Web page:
When you are injured, you may be unsure of whether or not you should take legal action against the party or parties responsible. Your first priority should be a proper recovery from your injuries. You may contemplate reaching out to an attorney. While one should never take the civil litigation process lightly, you should not hesitate to act. After your injury occurs, there is a clock that ticks away on your time to get the compensation you need. This ticking clock is known as the Statute of Limitations, and if you don't act soon enough, your right to take legal action may disappear. Contact an attorney right away so you can focus on your recovery.
The Statute of Limitations
The Statute of Limitations exists to guarantee a time period after a person's injury in which legal may be taken action. It also exists to prevent older cases from piling up as well as to prevent frivolous litigation. Washington D.C.'s Statute of Limitations has specific limits of time depending on the nature of the case you wish to pursue:
- Personal Injury: Plaintiffs have 3 years to pursue a case for any incidents that caused them injury.
- Intentional Tort: Plaintiffs have 1 year to pursue a case for any intentional torts that caused them harm.
- Wrongful Death: Plaintiffs have 2 years from the death of their loved one to pursue a case for the wrongful death of their loved one.
There are some exceptions to this process. For instance, a minor must either have a case pursued on their behalf by a parent or legal guardian, or must wait until they are 18 before the Statute of Limitations will begin counting time. Sometimes injuries are not obvious immediately, in these situations, the Statute of Limitations may begin counting down from the time that the injury is discovered, instead of the usual three years after the incident. This is common in medical malpractice cases, and also accidents that leave individuals with lingering effects.
Suits Against the Government: Notice Requirements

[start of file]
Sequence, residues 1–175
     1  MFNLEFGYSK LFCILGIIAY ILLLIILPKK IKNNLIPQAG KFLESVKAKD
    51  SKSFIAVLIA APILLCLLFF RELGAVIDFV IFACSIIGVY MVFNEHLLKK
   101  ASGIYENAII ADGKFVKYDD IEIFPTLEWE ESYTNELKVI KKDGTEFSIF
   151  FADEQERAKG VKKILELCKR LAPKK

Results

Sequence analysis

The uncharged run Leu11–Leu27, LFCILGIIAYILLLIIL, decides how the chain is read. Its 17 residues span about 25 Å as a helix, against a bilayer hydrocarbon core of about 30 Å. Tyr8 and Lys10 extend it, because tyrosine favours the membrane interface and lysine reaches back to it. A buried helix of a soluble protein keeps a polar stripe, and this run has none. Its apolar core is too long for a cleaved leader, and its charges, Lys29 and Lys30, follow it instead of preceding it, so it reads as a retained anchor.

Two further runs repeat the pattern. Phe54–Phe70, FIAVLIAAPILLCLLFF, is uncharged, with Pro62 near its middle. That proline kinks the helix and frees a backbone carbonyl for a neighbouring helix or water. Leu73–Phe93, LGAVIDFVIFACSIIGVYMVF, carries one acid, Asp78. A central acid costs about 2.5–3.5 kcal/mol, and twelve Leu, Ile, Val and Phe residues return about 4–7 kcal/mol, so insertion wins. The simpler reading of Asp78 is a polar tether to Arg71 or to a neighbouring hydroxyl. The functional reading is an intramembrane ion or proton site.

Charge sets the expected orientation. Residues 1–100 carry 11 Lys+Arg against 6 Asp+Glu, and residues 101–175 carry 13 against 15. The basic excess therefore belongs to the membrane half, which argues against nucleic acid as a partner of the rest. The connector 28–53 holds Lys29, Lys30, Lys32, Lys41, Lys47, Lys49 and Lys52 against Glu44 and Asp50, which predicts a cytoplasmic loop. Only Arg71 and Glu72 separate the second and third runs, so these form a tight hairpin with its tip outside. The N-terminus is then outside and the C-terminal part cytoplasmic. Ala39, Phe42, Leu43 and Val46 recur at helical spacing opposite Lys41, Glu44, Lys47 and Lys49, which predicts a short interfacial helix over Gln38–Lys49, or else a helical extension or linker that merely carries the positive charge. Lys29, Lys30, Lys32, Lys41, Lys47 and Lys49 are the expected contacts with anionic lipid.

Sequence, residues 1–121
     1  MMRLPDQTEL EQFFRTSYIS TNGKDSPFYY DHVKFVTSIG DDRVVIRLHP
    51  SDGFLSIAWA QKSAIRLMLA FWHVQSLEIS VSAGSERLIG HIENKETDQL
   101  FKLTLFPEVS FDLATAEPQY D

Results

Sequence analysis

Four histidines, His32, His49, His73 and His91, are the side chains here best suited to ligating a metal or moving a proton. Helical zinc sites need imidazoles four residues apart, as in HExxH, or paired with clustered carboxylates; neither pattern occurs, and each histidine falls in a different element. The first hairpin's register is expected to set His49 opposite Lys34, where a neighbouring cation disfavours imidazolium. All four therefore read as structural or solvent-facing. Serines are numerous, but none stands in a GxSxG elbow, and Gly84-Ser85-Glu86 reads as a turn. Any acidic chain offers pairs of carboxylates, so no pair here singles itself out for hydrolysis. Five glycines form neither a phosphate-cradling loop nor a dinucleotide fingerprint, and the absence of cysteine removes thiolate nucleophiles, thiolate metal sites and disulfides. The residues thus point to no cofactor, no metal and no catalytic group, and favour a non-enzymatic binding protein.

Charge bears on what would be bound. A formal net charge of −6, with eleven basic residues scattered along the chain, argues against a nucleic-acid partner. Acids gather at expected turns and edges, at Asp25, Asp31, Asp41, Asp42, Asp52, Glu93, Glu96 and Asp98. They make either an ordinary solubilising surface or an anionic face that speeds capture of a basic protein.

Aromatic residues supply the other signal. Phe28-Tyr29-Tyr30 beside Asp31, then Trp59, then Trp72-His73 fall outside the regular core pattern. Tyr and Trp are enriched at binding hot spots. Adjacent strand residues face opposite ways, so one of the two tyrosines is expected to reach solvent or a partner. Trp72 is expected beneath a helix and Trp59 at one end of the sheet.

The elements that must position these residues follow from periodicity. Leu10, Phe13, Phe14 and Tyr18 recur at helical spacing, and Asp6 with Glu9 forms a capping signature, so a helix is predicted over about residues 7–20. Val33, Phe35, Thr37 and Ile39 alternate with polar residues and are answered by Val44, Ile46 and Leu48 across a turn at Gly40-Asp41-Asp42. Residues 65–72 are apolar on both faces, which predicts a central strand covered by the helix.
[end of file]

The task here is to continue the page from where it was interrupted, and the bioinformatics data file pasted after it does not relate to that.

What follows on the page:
Also, if you are going to pursue a case against Washington D.C. or one of its employees, you must notify the government within 6 months of the injury or damage was sustained. For claims against the federal government, you must first file an administrative claim with whatever federal agency within 2 years of the injury or damage. From here, the agency will investigate your claim, and either compensate you for it outright or reject your claim. If your claim is rejected you then have 6 months to file the case in court.
Injuries On The Job
Things are slightly different when you suffer a workplace-related injury. The first thing to know about workplace-related injuries is that you may not have a right to directly sue your employer; however, your employer will be liable and will compensate you for your injuries through Workers' Compensation. Workplace-related injuries have a much stricter process than injuries from outside your place of employment. Primarily, any workplace-related injuries must be reported within 30 days of the incident or discovery, and must be directly reported to your employer. Your employer should be able to assist you with the Workers' Compensation process when it comes to filing. They should make any and all forms that are necessary for you to obtain compensation readily and easily available for you to fill out and file. These forms are also available from Washington D.C.'s Department of Employment Services, as well. If you do not report your injuries within this window of time, you may lose your right to obtain Workers' Compensation.
Whenever you or a loved one is injured, it is best to focus your first concerns on the best recovery possible. Shortly thereafter you will want to act quickly and secure your right to a case, as the Statute of Limitations will be consistently ticking away on your chances. If you or a loved one has been injured, contact Gilman & Bedigian today.